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154. How To Become A Published Author

I sat down with Matt Nunes, author of Last Call to learn what it takes to become a published author. If you’re interested in writing and publishing your work, this interview will give you what you need to get started. The insights Matt brings are great. I know I learned a lot, and I’m sure you will too. Listen or watch below.

Why we need more authors

It’s important not only to discuss ideas, but to write them down. I find that as I write, my ideas become clearer and better defined. If we are to improve our discourse we have to engage in long form conversations. And, books are a great way to have those extended, thought-out dialogues. Because I find that important, I sat down with Matt to have him explain what he did to become a published author.

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“Every author in some way portrays himself in his works, even if it be against his will.”

Johann Wolfgang von Goethe

Some of the keys of being an author we discussed:

  • Different writing and editing processes
  • Finding the right publisher
  • The publishing process
  • Working with an agent
  • Differences between Fiction and Non-Fiction

More about the book and the author:

Last Call is the first of a series of mystery novels featuring former Naval Officer Paul Costa, a man who thought he was seeking a quieter life for himself and his daughter in civilian life, only to find the biggest threats still lie ahead.

Matt is a former Merchant Marine Officer, bartender and often times cog in the corporate machine. He has done a range of jobs to give him, which includes bartending – and that’s what gave him the idea for this book. Matt is an interesting person, and I’m glad to have the privilege to talk to him about how he completed this amazing feat. You can connect with him on Facebook, find him on Amazon, and learn more on Booksie.

235. Naturalism & The Human Person | The Good, The Bad, & The Ugly Conversation of Our Generation

According to Wikipedia, Naturalism is "the idea or belief that only natural laws and forces (as opposed to supernatural or spiritual ones) operate in the universe. Adherents of naturalism assert that natural laws are the only rules that govern the structure and behavior of the natural world, and that the changing universe is at every stage a product of these laws." In this episode, I'll take a look at some of the good points and valid concerns of Naturalism. Then, I'll discuss how it falls short, and what corrections it needs. Valid Concerns and Good Points One of the good points of naturalists is that we can attribute most things to natural laws and forces. Every little thing that happens doesn't have to be a supernatural intervention. And, we know it isn't random due to the consistency of events. There is a time in pagan cultures when everything was attributed to the supernatural. Even in the Judeo-Christian world much of the natural order was attributed to angel's intervention. I don't begin to say that I know how Heaven governs this world and it's laws. But it appears to me that there are natural laws and that God created the world with a discoverable order. When looking into that order, it is good to work within it's bounds, which is why we have science. Errors of Naturalism The cause of why I burn my tongue on hot coffee or the sun rises everyday can be naturally accounted for. But, the fact that all these beings exist as well as the laws that govern them, none of which fully account for the existence of the universe, has to have some other explanation. Naturalism cannot account for that. Instead, it seeks for a self-explaining cause that's within the natural order. Furthermore, there are well-attested events that do not fit into the natural world. Inexplicable miracles are one. But, there are phenomena like love and beauty that we do experience. However, the naturalist cannot explain these fully by neurons and brain chemistry. We need a deeper, spiritual explanation if we want to cohere with our universal experience. Corrections There is one major correction a naturalist needs to incorporate all truth into his worldview. That is a recognition of the spiritual. Miracles, religious experiences, emotions, and beauty aren't simply natural phenomena. Rather, they are true experiences of something outside of the natural order. To see this in art, read The Soul of the World, C.S. Lewis, G.K. Chesterton, or Tolkien's Lord of the Rings to see how this plays out. They demonstrate that there is more to this world than the naturalist can explain. And, they do it both with philosophy and story-telling. Related Episodes in this Series What is Objective Reality? What is Subjective Reality? Unity of Subject and Object The Golden Mean for Understanding Objective and Subjective Reality — Send in a voice message: https://anchor.fm/conofourgen/message Support this podcast: https://anchor.fm/conofourgen/support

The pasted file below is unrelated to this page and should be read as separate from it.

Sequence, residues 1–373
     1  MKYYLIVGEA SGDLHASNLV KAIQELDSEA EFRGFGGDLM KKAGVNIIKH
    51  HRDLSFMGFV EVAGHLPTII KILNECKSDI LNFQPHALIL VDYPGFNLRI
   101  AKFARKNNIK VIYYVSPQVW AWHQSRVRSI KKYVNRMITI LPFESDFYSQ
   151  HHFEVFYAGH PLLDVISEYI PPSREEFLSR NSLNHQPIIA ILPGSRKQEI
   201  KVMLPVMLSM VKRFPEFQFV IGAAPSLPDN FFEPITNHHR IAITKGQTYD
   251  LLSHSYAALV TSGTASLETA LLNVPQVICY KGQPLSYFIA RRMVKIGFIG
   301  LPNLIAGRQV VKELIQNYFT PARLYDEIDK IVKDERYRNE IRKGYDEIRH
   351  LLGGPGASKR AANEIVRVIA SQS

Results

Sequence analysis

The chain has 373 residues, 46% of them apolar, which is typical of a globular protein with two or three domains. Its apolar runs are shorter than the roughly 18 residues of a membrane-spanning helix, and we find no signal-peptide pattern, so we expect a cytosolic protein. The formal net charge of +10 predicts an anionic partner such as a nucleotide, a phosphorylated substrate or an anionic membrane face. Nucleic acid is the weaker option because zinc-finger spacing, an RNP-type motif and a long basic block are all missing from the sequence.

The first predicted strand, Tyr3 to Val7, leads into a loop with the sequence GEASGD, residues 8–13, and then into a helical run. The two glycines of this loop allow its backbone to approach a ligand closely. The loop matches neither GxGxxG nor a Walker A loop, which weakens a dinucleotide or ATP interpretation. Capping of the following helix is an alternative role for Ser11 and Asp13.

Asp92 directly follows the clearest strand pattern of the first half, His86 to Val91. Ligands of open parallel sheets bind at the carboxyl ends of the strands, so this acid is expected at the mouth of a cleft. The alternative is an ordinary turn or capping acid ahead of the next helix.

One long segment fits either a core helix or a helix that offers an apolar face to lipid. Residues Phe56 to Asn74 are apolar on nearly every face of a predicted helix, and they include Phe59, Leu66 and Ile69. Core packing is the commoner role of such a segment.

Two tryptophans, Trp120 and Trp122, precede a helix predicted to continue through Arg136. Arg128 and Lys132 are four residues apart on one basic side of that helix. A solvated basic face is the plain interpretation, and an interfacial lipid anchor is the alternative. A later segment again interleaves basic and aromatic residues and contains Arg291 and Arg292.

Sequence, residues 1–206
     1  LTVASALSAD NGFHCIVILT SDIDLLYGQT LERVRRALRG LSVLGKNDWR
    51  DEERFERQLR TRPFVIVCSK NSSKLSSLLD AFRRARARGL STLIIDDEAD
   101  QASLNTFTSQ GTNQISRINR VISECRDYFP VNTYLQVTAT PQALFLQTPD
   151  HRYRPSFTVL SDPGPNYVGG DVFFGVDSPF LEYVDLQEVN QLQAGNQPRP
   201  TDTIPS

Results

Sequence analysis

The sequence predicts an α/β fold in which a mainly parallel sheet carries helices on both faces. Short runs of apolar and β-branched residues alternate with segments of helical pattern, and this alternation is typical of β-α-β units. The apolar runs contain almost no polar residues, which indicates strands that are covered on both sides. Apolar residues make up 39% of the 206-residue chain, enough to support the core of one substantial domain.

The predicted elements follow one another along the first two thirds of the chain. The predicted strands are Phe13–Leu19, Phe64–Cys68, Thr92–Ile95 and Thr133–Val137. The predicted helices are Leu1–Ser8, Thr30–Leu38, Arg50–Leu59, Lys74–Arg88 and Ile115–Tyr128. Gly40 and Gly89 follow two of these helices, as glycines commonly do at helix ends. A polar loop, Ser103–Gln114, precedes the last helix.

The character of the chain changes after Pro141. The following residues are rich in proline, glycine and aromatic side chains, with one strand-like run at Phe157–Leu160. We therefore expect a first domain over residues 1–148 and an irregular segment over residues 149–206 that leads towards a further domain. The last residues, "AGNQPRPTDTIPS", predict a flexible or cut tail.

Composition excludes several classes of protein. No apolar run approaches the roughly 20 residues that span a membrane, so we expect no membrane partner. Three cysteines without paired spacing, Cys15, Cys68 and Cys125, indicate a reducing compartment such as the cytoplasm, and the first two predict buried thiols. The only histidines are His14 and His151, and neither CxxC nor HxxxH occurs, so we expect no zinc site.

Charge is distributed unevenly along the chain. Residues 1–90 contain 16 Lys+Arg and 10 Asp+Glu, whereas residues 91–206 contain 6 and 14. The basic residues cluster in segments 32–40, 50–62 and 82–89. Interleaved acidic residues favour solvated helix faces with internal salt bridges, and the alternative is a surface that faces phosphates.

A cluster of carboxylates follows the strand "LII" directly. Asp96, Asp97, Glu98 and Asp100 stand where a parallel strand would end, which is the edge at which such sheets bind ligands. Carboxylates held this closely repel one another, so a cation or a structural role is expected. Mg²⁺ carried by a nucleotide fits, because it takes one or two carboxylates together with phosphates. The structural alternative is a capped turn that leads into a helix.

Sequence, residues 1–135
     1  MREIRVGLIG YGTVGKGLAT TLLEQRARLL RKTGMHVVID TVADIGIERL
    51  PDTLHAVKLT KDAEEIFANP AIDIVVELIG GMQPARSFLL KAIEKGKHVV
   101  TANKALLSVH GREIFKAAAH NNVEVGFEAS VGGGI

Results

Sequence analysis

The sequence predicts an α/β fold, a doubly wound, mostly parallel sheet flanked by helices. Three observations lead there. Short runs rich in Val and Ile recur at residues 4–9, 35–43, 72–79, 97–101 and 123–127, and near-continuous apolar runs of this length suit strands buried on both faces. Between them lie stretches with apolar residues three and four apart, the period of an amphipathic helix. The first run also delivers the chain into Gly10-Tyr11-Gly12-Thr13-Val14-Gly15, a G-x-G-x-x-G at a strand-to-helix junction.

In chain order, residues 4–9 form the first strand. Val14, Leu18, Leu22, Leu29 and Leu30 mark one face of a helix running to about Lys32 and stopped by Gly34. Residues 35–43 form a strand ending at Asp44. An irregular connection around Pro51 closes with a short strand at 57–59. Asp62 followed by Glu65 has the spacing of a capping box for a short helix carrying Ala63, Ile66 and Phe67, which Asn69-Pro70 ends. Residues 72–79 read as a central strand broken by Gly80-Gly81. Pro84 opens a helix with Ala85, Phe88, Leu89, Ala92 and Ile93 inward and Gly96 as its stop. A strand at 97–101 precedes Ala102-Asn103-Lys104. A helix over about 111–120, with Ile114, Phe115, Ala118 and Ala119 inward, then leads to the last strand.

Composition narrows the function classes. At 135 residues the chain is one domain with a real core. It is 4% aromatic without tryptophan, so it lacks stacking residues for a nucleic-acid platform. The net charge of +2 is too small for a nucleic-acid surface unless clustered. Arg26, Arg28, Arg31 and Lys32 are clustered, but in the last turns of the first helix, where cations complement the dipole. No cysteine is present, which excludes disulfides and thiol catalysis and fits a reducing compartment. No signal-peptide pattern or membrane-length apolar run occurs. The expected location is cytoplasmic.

1. 235. Naturalism & The Human Person | The Good, The Bad, & The Ugly
  2. 234. The Golden Mean for Understanding Objective and Subjective Reality
  3. 233. Is Patriotism Good? | Reflections on the 4th of July
  4. 232. Unity of Subject and Object
  5. 231. What is Subjective Reality?
  6. 230. The Death of Socrates And What It Teaches Us Of Courage and Nobility
  7. 229. What is Objective Reality?
  8. 228. Peter Kreeft's Intro to the Summa Theologiae by St. Thomas Aquinas
  9. 227. You're Not A Monk | Unexpected Advice From a Priest
  10. 226. Nicomachean Ethics Book 2, Class 2

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